As I know, the fundamental concept of QFT is Renormalization Group and RG flow. It is defined by making 2 steps:

  1. We introduce cutting-off and then integrating over "fast" fields $\widetilde{\phi}$, where $\phi=\phi_{0}+\widetilde{\phi}$.

  2. We are doing rescaling: $x\to x/L$: $\phi_{0}(x)\to Z^{-1/2}(L)\phi(x)$.

This procedure defines RG flow on the manifold of quasi local actions: $\frac{dA_{l}}{dl}=B\{A_{l}\}$.

In this approach we have such notions as crytical points $A_{*}$, relevant and irrelevant fields, Callan–Symanzik equation etc, and we can apply it, say, to phase transitions.

Also we can introduce stress-energy tensor $T^{\mu\nu}$. And, as far as i know, if we consider scale transformations $x^{\mu} \to x^{\mu}+\epsilon x^{\mu}$ , we can obtain Callan–Symanzik equation, and if the theory have a crytical point: $\beta^{k}(\lambda^{k})=0$, then trace of stress energy tensor $\Theta(x)=T^{\mu}_{\mu}=0$, so our correlation functions have symmetry at scaling transformation.

So the question is: As far as I know, at this point they somehow introduce conformal transformations and Conformal Field Theory. Can you explain, what place in Quantum Field Theory CFT takes? (I mean connection between them, sorry if the question is a little vague or stupid). How it relates to the RG approach exactly? (This point is very important for me). Maybe some good books?

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    $\begingroup$ Well it seems that you have all pretty much figured out: conformal field theories are a subset of quantum field theories corresponding to the point(s) at which the beta function vanishes. It may seem not much interesting to look at subset of 'vanishing measure' in the space of quantum field theories but actually: conformal symmetry is a really strong constraint and is enough to solve exactly some theories in 2d, and you can derive results near critical points from the so called conformal perturbation theory. The main references are Ginsparg lecture notes (arXiv) and thee book by DiFran & al. $\endgroup$ Apr 21, 2014 at 22:23
  • $\begingroup$ @Learningisamess: There's a lot of good writing about CFT which doesn't stick to the comforts of 2 dimensions. See, e.g., sites.google.com/site/slavarychkov or physics.ipm.ac.ir/phd-courses/semester7/CFT-course-2013.pdf $\endgroup$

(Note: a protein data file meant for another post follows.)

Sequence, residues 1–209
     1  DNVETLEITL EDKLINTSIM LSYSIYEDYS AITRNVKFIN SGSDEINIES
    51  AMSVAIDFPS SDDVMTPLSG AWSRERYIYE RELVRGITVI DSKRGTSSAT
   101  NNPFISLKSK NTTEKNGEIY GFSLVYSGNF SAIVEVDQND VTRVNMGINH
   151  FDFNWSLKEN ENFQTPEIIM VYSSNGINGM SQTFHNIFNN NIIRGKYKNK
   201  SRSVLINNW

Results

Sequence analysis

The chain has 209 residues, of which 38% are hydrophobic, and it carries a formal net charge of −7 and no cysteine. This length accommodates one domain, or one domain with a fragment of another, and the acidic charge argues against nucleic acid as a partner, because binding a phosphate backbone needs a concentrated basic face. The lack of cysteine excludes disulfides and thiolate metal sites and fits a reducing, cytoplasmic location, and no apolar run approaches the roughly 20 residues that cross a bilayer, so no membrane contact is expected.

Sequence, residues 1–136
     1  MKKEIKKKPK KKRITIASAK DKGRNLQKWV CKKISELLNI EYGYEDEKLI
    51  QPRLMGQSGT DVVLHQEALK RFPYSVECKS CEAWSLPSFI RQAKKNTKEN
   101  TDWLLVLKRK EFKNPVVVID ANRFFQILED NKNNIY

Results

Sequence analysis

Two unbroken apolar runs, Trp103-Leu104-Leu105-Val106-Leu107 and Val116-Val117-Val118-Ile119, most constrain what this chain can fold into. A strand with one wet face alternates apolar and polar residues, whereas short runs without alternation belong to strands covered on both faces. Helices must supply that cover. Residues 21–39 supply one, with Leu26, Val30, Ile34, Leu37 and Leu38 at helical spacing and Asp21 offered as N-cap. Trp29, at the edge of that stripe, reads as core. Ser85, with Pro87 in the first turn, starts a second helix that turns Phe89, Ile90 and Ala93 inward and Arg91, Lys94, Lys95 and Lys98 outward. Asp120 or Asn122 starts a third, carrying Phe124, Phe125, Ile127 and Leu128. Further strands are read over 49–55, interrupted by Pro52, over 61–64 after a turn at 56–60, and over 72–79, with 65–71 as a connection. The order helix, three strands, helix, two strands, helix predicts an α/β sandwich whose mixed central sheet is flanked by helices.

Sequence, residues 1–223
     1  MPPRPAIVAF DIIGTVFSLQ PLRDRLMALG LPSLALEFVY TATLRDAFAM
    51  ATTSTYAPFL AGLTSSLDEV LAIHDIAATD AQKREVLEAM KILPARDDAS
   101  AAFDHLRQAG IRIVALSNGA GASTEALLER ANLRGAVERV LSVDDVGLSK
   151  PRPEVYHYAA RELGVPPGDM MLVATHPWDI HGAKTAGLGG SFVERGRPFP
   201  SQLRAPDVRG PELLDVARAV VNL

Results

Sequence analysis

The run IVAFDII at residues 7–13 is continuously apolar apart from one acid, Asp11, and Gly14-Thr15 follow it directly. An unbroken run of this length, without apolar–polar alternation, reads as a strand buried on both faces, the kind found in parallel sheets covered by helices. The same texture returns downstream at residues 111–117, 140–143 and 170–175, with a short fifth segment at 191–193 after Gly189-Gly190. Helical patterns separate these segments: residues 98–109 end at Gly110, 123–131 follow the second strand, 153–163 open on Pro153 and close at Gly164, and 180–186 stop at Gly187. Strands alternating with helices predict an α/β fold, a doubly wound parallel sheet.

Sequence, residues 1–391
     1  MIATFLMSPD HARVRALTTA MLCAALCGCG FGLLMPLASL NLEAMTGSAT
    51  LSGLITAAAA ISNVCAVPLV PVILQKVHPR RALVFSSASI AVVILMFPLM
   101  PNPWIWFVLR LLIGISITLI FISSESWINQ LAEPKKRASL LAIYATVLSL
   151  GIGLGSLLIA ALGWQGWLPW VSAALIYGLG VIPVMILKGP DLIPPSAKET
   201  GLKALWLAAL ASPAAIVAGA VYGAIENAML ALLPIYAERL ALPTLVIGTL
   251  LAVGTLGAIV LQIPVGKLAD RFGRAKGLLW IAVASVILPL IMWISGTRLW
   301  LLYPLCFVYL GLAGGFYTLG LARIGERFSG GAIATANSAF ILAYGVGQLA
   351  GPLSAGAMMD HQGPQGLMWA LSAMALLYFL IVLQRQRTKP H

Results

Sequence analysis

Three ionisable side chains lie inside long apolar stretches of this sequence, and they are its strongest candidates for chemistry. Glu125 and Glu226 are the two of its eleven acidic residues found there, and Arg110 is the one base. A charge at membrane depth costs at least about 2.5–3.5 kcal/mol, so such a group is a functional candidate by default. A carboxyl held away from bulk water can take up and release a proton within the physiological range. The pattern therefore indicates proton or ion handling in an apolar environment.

– user1504
    Apr 22, 2014 at 0:12
  • $\begingroup$ @Learningisamess Thanks for explanation. Correct me please if I've misunderstood something: when we analyze QFT renormalization using RG approach, we obtain important notion as critical points. Then we introduce stress-energy tensor and obtain that it's trace equals to zero at them. But this condition allows us to introduce conformal symmetry preserving the vanishing trace and therefore Conformal Field Theory at critical points. Am I right? If so, why it wasn't introduced some analog of RG analysis based on conformal symmetry(not only in critical points)? This is due to technical difficulties? $\endgroup$
    – xxxxx
    Apr 24, 2014 at 17:33

2 Answers 2


I recently stumbled upon a good comment about this in Jared Kaplan's AdS/CFT notes

  • Any quantum field theory which has hope of having an UV-completion can be viewed as as effective theory at point in the RG flow from an UV complete theory.

  • Field theories at the UV fixed point are conformal.

  • Hence all 'well-defined' field theories are either CFTs or points in the RG flow from one (UV) CFT to another CFT.

So in a sense, in Kaplan's words:

studying the space of CFTs basically amounts to studying the space of all well-defined QFTs

So that's one way of seeing the place of CFTs in general QFTs.


zzz's answer concerns QFTs as used in particle physics. However, OP also mentions phase transitions, thus statistical field theory, where the relationship between CFT and scale-invariant RG fixed points is more subtle.

Indeed, for local QFTs where unitarity is assumed, there are theorems showing that scale invariance implies conformal invariance, see e.g. https://en.wikipedia.org/wiki/C-theorem for the theorem of A. Zamolodchikov in 2D and discussion of the situation in 4D.

However, it is known that this link does not extend to general statistical field theories: for example, [1] use elasticity as a counter-example. The link between scale invariance and conformal invariance has been reviewed in [2].

[1] V. Riva and J. Cardy. "Scale and conformal invariance in field theory: a physical counterexample." Physics Letters B 622.3-4 (2005): 339-342.

[2] Y. Nakayama. "Scale invariance vs conformal invariance." Physics Reports 569 (2015): 1-93.


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